I’ve just finished a podcast radio interview with Lisa Kessler of Book Lights Radio. Lots of fun. You can listen to it online at: blogtalkradio.com. It will also be available at itunes and other podcast channels.
Our beloved cat, Moonlight, has left us, taken by cancer and age. She was 20 years old, almost 21. She was an amazing friend to all of us. Far from the aloof cat of Siamese stereotype, she always wanted to be part of the family, dogs and all. She used to try to come along on dog walks, but we could never get a leash and harness to work right on her. As a young cat, she competed with the dogs for dropped food. (Ask me sometime about the Battle for the Broccoli, wherein Moonlight squares off with a boxer, and the little beagle sees opportunity.) Moonlight was quite vocal, and would “Mwah” whenever stroked. She loved laps, and in response to gentle hugs would go, “Mwah! Mwah!” like a squeezebox. In the last few months, her meow evolved—first into a melodic “Moi?” and then later into a “Honk!” She was the living embodiment of “cat gravity,” which prevents you from getting up with a cat in your lap, and excelled at putting whoever was holding her to sleep.
Over the last couple of years, she came through two surgeries for skin cancer with flying colors. Our vet was amazed at her resilience. “Ordinarily, at her age, we wouldn’t even be having a conversation about surgery,” he said, shaking his head in disbelief. Here’s a picture of her, after one of the operations.
I love animals, and Moonlight had a unique place in my heart. I hate this part of loving animals, where your heart is broken at the end. It’s probably going to be hardest on my daughter Jayce, to whom Moonlight has been a special friend for the greater part of her life. We will grieve together.
The timing could hardly be worse, as I’m leaving shortly for a convention in Philadelphia. But the last 24 hours have been telling, with noticeable decline in her strength—and it seemed better to say good-bye now, rather than endure worse scenarios while I’m gone. But there is no good time. At the vet’s, she put up a final fight: Even in her severely weakened state, it took an extra injection to stop that stalwart heart of hers.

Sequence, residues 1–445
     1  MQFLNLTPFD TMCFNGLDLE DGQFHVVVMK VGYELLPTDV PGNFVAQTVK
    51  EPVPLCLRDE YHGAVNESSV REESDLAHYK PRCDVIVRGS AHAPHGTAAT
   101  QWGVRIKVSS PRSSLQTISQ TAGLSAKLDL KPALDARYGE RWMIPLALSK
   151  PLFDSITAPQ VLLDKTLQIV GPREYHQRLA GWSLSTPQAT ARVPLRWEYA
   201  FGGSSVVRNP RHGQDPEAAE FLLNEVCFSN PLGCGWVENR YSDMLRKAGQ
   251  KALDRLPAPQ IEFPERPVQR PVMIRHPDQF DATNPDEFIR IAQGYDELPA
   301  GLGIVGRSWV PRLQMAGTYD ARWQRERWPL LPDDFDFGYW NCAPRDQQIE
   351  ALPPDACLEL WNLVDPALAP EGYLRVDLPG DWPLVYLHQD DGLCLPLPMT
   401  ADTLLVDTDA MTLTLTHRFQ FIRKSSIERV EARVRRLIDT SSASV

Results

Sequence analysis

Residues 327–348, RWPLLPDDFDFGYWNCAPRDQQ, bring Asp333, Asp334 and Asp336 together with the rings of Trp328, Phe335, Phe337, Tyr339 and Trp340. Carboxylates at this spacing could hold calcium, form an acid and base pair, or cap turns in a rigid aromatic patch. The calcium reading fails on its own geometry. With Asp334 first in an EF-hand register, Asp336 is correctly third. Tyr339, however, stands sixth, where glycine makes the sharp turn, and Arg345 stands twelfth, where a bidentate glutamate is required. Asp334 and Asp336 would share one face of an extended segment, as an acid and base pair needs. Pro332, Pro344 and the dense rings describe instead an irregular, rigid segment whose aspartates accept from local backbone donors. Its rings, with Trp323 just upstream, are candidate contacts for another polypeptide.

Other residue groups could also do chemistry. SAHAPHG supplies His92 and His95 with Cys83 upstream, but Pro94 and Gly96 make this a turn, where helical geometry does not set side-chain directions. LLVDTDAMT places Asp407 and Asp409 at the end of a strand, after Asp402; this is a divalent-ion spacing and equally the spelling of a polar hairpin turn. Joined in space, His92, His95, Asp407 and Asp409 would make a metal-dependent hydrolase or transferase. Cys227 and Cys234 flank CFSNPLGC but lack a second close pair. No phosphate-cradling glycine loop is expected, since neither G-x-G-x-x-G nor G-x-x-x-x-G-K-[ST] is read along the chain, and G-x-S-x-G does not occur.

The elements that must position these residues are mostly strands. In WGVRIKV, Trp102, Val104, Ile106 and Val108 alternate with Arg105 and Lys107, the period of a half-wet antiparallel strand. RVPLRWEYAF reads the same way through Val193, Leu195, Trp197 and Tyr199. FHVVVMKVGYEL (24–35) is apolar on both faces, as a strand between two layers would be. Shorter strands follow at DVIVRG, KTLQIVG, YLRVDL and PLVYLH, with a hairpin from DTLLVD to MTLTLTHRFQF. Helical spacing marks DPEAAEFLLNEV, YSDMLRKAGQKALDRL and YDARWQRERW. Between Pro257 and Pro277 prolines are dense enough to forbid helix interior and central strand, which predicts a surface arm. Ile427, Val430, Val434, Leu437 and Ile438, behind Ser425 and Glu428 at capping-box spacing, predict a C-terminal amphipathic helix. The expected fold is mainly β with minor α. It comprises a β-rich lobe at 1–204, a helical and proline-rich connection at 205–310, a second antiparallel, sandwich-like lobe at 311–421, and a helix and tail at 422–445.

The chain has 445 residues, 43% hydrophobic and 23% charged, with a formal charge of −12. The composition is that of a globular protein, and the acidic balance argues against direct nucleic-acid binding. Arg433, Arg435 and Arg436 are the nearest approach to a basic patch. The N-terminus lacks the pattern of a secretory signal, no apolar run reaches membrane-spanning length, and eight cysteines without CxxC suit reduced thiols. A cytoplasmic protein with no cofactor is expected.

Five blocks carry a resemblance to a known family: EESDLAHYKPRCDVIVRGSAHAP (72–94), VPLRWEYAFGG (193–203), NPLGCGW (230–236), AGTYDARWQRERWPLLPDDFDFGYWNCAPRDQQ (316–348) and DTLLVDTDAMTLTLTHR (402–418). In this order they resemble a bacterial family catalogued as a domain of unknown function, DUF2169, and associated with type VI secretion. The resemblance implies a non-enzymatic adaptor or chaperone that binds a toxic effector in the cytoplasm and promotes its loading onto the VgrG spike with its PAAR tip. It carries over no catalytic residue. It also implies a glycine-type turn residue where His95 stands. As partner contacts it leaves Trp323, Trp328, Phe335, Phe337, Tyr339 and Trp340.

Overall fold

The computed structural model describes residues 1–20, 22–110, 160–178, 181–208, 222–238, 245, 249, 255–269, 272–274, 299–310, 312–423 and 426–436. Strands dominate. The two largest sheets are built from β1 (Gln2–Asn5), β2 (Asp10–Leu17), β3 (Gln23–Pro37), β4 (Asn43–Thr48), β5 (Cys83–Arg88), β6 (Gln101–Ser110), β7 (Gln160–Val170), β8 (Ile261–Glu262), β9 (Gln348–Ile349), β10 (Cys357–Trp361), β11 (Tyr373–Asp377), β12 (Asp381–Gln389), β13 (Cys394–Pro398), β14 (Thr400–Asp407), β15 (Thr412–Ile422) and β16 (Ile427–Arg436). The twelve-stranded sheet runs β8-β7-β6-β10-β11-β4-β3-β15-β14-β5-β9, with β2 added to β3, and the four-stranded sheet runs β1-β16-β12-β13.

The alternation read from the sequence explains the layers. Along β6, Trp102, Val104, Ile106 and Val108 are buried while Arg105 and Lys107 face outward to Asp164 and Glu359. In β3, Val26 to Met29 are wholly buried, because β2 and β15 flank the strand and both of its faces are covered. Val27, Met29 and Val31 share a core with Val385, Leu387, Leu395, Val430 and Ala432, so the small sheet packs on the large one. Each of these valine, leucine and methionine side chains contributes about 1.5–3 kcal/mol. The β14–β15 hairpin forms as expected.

Moonlight, I hope you find little Sam the beagle, and Hermione the boxer, and all of your other friends waiting for you on the other side. Peace now, little one. Peace.
I’ll be attending my first Philcon this weekend. By all accounts, it’s a great convention. I look forward to seeing friends, making friends, and taking a little time to myself for the trip. I’ll be autographing Saturday, and moderating several panels. Here’s my schedule. Please say hi if you see me!
Saturday, November 9
Sunday, November 10
At last! Strange Attractors is now out in audiobook, narrated by the amazing Stefan Rudnicki! This has been a long time coming, and it’s a superb recording from the studios of Skyboat Media.
This took a different route to publication from my earlier audiobooks. I published it through Findaway Voices under the Starstream Publications / Book View Café imprint. It will be available through innumerable outlets, including iTunes, Audible, Overdrive, Hoopla, and many more. Right now it’s migrating through the distribution system. Here’s where it’s available, right this very minute, that I know of:
Others coming soon!
In my second broadcast appearance this week, I’ll be one of the panelists tomorrow on a special edition of Writers Showcase, talking about science fiction and its future with Robert J. Sawyer, Edward Willett, Kristina Rienzi, and host Christie Stratos. It’s an hour-long show, and I’m sure it’ll be interesting! This will be in full video—like going to a con, but without the hotel and airfare. Hope my equipment cooperates!
That’s Thursday evening, October 24, 8:00 p.m. Eastern time, on Facebook video. Here’s where to tune in.
I did the time travel calculations wrong. I’m going to be on SirenRadio today at 12:30 Eastern time, not 1:30! Listen to it here: https://www.sirenonline.co.uk/